Metabolic engineering of photosynthetic organisms is a main area of investigation for our research group. To understand how photosynthetic organisms control the rates of metabolic pathways that convert CO2 and inorganic nitrogen into all the metabolites necessary for growth is of fundamental importance. Previously, we have performed metabolic flux analysis on the model photosynthetic organism, Synechocystis PCC 6308, to determine the engagement of the central metabolic pathways. Applications of altering metabolism of plants are foods with increased nutritional value, crops with increased stress resistance, and even production of specialty chemicals and materials. For our other modeling project 13C-MFA analysis was applied to a mammalian system (Chinese Hamster Ovary cells) and fluxes were quantified to evaluate the recombinant protein production.

Recently, a kinetic model for phenylpropanoid pathway in Petunia hybrida (flower) was developed employing d5-phenylalanine labeling and used for prediction of metabolism in a mutant (Colon et al., 2010). Further, experimental methods for compartment specific labeling information were adapted from literature, and applied to Snapdragon (a flower) for 13C-MFA. This information will be subsequently used to quantify fluxes, over the development of the flower.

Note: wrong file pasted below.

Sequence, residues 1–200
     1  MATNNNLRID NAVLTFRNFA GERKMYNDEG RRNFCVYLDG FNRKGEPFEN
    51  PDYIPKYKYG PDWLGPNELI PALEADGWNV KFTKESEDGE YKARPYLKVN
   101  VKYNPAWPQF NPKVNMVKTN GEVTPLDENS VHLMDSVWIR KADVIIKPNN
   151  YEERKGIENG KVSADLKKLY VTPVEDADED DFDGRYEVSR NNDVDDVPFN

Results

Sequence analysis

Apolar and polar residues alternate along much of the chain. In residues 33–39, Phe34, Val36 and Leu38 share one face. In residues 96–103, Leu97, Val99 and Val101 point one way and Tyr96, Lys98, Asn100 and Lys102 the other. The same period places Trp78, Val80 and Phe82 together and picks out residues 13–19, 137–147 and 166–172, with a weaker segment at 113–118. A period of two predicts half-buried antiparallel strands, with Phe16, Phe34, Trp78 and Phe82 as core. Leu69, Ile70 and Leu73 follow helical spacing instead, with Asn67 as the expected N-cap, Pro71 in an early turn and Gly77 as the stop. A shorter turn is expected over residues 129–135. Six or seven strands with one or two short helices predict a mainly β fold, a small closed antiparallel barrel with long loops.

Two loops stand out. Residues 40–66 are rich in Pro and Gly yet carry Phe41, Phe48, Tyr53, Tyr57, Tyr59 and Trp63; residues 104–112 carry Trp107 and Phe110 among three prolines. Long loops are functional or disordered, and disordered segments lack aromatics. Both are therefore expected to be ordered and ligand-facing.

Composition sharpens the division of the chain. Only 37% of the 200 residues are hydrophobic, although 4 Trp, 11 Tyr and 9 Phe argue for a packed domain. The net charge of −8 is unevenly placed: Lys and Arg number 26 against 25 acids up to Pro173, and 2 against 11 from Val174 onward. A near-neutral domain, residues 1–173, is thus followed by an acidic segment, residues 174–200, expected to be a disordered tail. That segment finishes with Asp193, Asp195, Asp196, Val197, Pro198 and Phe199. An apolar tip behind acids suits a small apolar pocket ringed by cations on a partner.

Our current research efforts are directed towards developing a kinetic model to mechanistically characterize the lignin biosynthesis (phenylpropanoid pathway) in Arabidopsis thaliana. Using the model we intend to determine the effect of perturbations on the carbon flux towards monolignol compounds. Eventually, we intend to propose plausible experiments for manipulating carbon flux towards monolignols for accumulating candidate bio-fuel molecules like 2-phenylethanol.